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FIREFIGHTER REFLECTS SAFETY

     

Saturday, December 8, 2012 As a volunteer fireman in Wyoming, Ohio, Zach Green saw that increased visibility would make firefighters safer in dark, smoky conditions. As a businessman he saw opportunities to create a successful venture around selling solutions to this problem.
The result is a new company that Green founded two years ago, MN8-Foxfire, which uses photo luminescent technology to create glow-in-the-dark products that firefighters can use on their equipment to make it easily seen even in total darkness.
The luminescence is created by a pigment powder that was invented more than 15 years ago, says Green. He has worked with manufacturers to suspend the powder in silicone to increase its intensity. He created a luminescent helmet band for himself and got so much interest from fellow firefighters at the Wyoming Fire Department, where he volunteers, that he decided to make more and sell them to others.
At first, Green ran the business part-time from his garage in Wyoming while he continued with his day job as a pharmaceutical salesman. Then, in the spring of 2011, he showed a sample of his new product line – which includes helmet and equipment bands and stickers, equipment coating kits and grip wrap – at a fire instructors conference in Indianapolis. Green says he was so inundated with orders that he quit his job and started working for Foxfire full-time.
“In the first couple of hours we sold out of everything we had,” said Green of the booth he operated at the conference. “The next month we did $80,000 in sales.”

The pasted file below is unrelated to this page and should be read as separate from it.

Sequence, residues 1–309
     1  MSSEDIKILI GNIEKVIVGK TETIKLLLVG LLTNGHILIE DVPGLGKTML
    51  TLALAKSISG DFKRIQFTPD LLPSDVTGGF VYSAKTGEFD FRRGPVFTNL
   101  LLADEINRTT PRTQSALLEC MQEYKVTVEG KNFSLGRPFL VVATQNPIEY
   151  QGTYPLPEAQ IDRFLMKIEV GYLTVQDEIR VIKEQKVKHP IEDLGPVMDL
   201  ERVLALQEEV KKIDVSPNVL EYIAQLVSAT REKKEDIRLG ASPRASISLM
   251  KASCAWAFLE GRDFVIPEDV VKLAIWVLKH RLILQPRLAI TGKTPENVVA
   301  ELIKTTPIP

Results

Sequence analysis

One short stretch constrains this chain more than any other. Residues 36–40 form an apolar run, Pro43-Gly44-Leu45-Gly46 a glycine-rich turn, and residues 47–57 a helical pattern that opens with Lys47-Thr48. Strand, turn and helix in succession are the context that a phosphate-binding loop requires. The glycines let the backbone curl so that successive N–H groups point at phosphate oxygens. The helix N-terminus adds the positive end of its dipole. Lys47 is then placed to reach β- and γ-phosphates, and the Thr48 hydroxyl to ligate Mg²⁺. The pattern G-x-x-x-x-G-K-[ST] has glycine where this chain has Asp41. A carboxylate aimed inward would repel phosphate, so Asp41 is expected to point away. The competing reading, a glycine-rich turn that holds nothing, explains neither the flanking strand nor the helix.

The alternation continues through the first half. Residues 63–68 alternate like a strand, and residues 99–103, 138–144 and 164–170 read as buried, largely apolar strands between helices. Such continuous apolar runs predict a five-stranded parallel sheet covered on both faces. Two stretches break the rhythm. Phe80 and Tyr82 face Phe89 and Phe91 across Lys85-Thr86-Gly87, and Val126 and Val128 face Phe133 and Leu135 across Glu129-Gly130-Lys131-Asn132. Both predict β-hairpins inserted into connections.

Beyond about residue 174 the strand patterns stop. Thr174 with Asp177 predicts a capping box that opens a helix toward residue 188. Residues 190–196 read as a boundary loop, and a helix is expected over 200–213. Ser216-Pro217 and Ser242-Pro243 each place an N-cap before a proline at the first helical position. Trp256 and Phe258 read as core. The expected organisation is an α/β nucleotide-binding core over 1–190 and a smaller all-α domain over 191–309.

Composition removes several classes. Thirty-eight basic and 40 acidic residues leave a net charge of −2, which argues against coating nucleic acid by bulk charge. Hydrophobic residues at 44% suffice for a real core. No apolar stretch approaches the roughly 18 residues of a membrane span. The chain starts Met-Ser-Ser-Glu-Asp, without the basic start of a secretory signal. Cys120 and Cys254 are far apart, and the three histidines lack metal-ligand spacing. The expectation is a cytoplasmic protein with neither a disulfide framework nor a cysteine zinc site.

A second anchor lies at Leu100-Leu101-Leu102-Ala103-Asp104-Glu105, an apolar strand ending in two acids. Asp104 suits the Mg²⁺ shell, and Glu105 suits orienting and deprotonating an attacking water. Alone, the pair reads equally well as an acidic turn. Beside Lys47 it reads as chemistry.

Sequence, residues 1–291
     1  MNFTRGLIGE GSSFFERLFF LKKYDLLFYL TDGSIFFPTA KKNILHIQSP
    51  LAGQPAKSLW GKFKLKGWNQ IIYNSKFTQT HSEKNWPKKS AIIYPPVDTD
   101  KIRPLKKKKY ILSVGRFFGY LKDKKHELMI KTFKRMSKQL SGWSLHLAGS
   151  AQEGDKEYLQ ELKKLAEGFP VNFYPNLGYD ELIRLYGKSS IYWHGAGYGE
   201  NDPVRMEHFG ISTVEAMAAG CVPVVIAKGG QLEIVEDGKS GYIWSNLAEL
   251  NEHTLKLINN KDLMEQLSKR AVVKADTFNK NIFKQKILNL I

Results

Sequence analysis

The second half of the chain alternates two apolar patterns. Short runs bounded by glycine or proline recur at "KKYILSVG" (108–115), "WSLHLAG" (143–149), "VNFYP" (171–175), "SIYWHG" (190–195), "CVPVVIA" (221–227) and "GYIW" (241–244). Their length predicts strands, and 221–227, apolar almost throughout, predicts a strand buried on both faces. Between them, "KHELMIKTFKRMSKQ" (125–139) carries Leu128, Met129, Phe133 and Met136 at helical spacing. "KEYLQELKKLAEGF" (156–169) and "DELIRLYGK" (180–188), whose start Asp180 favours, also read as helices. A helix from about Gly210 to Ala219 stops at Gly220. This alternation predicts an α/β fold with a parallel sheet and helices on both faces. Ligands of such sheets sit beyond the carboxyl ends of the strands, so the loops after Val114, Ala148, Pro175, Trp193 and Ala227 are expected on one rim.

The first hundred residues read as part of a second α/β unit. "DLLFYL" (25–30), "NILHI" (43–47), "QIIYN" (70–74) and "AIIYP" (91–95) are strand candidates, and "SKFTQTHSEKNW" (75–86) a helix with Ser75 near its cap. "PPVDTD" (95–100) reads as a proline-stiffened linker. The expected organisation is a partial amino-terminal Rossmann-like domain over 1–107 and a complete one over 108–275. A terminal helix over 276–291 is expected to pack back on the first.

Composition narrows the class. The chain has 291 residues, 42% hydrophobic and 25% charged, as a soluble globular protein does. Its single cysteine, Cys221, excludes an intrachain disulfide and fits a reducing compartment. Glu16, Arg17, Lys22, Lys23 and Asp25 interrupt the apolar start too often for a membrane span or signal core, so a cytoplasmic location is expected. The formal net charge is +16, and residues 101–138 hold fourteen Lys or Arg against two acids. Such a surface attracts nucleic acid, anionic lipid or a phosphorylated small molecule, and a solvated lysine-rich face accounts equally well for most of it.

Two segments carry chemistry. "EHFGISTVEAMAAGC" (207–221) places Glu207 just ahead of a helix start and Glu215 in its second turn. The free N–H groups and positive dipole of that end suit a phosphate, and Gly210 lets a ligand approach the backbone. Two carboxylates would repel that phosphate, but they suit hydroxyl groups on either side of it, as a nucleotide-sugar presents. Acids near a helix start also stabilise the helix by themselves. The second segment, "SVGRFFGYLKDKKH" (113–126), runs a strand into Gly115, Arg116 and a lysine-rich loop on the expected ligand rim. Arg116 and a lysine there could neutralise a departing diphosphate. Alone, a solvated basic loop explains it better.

Today, more than 35,000 firefighters are using the products, including those in the Cincinnati Fire Department.
Foxfire products emit a bright yellow glow that not only makes items more visible but also lights up the immediate surrounding area. The illumination is much more visible in low light than reflective gear alone, which requires a light to be seen. It is also rechargeable from any light source and can last as long as 17 hours, Green says. Prices range from about $25 for a helmet band to $100 for a paint kit that covers several tools.
He did not offer sales figures.
“I kept hearing from people that this is going to change the way we fight fires,” said Green.
Matthew Flagler, a lieutenant with the Cincinnati Fire Department who is in charge of purchasing, says the department bought helmet bands for its crews earlier this year.
“As far as photo luminescence, this is the most effective product we’ve ever seen,” Flagler said. “It is a striking improvement.”
Green has used social media to spread the word about Foxfire, and he also employs firefighters themselves as his sales force.
“Firefighting is a fraternity,” said Green. “They take care of each other.”
He employs 70 firefighters on contract and says that could jump to more than 1,000 by the end of the year to support expansion plans.
The company’s new products will include paint to mark exits and stairwells in industrial buildings.
To ramp up production for this new push, Green has brought on investors and plans to add as many as five new staff members to the six he has now.
Within the next two years Green says his goal is to have his Foxfire paint in 1 percent of all commercial buildings in the country.
Green says the product will be available through industrial safety retailers as well as through independent distributors.
“This solution is four times less expensive than other safety solutions out there,” said Green, “and the paint is permanent. We think there is a lot of potential here.”

 


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